Late summer and the transition into early fall mean different things on different lakes. August and early September often represent a period of peak activity – and peak fishing pressure. But if you fish very fertile waters, you may also be looking at matted, mushy, dying weeds, and maybe a thick coat of dead blue-green algae that has all the appeal of an oil-based paint slick.
The August full and new moon phases seem to be at the top of every fishing club’s scheduling priority list. Packs of boats invade our favorite waters every year at this time. It’s fishing club time. Then there is the Labor Day onslaught; followed by the first good moon phase after Labor Day, which brings out all the folks who consider mid-September to be "fall fishing." You get the idea.
On some lakes, thicker weeds and darker water is a good thing. With shady, weedy cover and lower light penetration of the darker water, muskies are less spooky and more aggressive. But on others, as summer progresses, the weeds get thick, matted, and slimy. And on some, the water gets so thick with dead and dying algae that presentation becomes a challenge.
Fishing pressure, algae bloom, and weed conditions raise some strategy questions:
1. What is the best way to get away from fishing pressure and still catch fish?
2. Are there adjustments that you should make due to the algae?
3. How can you fish in the thickest weeds?
First, the fishing pressure question. There really are two choices. Stay on your favorite water, but do things that no one else is doing – or move to another lake for a while.
If you are thinking about an annual, or once-in-a-lifetime fly-in trip to an exotic remote lake, or an exploratory trip to a lake no one has discovered yet, or just a jaunt to a local lake trout lake that has a few giant muskies; late summer is the time to do it.
Remote, northern, colder, sterile lakes will not only have less pressure, but they will be just hitting their warmest water summer peaks.
If you insist on staying on your home water, this would be a good time to finally try planer boards, downriggers (on deep lakes), or one of the other techniques you’ve long considered, but never gotten around to. If you don’t like summer trolling, this would be the time to move away from the heavily pounded shoreline weeds to crank the edges and mid-lake humps. This is obviously the time to try night fishing. The thing about these tactical modifications is that they not only take you away from the crowds, but they have a good chance to put you on muskies that are hiding from the same crowds.
And what about algae bloom? My friend, Pete Maina, has written a few articles about the algae issue. Pete says: "avoid heavy ‘dead bloom’ lakes and/or areas, and remember that a live scattered bloom is often an aid in concentrating fish and making predators less wary." Pete also talks about patterning various bloom-structure-edge-wind conditions, and notes that the intersection of a bloom edge with prime structure, especially under ideal weather conditions produces "exceptionally active" muskies. I couldn’t agree more.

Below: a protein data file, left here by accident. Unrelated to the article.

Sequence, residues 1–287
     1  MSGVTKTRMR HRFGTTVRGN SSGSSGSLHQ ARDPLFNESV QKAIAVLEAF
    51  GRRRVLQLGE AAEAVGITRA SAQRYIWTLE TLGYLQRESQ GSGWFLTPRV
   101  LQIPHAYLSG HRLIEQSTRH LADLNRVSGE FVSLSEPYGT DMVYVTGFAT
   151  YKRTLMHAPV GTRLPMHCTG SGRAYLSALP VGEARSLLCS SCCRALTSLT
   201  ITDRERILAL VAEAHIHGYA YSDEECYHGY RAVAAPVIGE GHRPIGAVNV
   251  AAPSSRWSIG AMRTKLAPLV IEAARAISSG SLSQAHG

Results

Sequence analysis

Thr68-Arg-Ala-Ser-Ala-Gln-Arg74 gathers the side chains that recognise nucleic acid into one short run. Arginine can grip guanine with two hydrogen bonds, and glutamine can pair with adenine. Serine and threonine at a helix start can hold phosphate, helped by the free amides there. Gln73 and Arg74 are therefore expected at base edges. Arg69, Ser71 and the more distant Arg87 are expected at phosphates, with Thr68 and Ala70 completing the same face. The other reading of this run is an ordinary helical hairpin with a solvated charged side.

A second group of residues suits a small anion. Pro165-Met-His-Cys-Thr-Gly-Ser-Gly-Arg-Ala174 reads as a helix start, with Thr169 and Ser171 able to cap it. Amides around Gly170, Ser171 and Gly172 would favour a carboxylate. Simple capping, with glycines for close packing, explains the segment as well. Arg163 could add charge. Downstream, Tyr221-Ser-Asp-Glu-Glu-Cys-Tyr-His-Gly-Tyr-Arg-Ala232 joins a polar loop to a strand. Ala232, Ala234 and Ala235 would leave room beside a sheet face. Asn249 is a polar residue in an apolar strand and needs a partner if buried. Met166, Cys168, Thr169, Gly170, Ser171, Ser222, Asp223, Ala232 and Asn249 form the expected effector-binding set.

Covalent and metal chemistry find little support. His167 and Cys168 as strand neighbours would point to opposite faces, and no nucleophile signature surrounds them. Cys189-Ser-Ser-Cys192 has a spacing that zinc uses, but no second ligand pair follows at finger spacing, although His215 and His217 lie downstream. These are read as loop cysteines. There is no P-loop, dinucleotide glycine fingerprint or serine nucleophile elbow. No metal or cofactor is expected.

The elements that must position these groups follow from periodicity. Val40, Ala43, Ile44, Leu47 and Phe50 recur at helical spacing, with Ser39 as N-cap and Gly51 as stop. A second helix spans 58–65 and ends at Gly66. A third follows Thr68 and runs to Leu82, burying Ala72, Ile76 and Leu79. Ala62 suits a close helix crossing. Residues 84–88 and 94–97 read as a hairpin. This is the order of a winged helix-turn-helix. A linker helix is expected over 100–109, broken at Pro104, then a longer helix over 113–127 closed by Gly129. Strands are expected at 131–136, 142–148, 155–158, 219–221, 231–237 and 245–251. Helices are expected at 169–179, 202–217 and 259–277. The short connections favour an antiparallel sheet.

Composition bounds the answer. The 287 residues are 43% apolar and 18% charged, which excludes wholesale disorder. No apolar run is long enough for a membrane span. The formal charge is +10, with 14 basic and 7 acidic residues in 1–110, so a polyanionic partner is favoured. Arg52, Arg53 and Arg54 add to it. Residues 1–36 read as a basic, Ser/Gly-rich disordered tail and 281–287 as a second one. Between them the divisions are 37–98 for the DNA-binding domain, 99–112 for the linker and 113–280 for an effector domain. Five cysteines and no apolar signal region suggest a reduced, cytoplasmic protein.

But if your lake is covered with a green oil-based paint slick, you might consider hitting that sterile lake trout lake – the one you thought might be a good place to hide from fishing pressure. A little late summer algae bloom on this gin-clear lake is a very good thing. If you don’t want to switch lakes, pray for wind and fish the edges of the oil slick. The fish are still there. One of the biggest fish I’ve ever seen came off the edge of the "paint." It hit a large black bait – another point that Pete and I agree on – black is a good choice in the bloom. My favorite bait on the deep edges of green bloom is a noisy, wide-wobbling, loud-rattling, black or black-and-hot orange Jake crankbait.
How can you fish in the thickest weeds? There are several things you can do. The first thing that comes to mind is the spinnerbait. A spinnerbait has a built-in weed guard, so it’s a natural. For maximum weedlessness, you want light weight and thick hair so it doesn’t sink fast. And you want tandem blades (Indiana or Colorado) for more lift. And you don’t want treble hooks or downward-pointing hooks that catch weeds.
The next is the jerkbait. A buoyant Suick or Bobbie Bait can be SLOWLY twitched through some amazingly thick weedbeds. And muskies love to clobber a slow, easy target.
Get in tight and make short accurate casts. Long casts make it harder to steer your lure through and around the surface mats. It helps to use at least a seven-foot rod. But the thing that really separates you from the rest is a willingness to get in there and do it, a willingness to reach out and rip weeds off your bait after nearly every cast. That’s the difference between seeing nothing and lighting up a weedbed.
But by late summer, some weedbeds in some lakes are getting too thick, mossy, and slimy. You will never have a better time to try a deep cold sterile lake that supports a few monster fish. Not only are your favorite fertile lakes slimed out, but the deep sterile lakes are as dark and warm as they’re going to get. Likewise, the muskies in these sterile lakes are as active and fearless as they’re going to get. For the third time in this discussion, and for the third reason, this is the time of year to fish deep, cool, sterile, monster lakes.
On the other hand, if switching lakes is not your thing, then you still have options. According to Dick Pearson, among others: "Rocks and big fish go together in September. If you’re not fishing boulder fields – you’re out of it." If the weeds are dead, mushy, slimed out, rotting, and consuming – rather than making – oxygen, then who can argue? Not me. Unless I’m on a sterile lake trout lake, where weeds are healthy, I live on the rocks from mid-August to ice-up.
This time of year can produce "dog days" or a rampage. Those of us who can put it all together, will be there for the rampage.
Catch a nice one and let it go … Let’m All Go.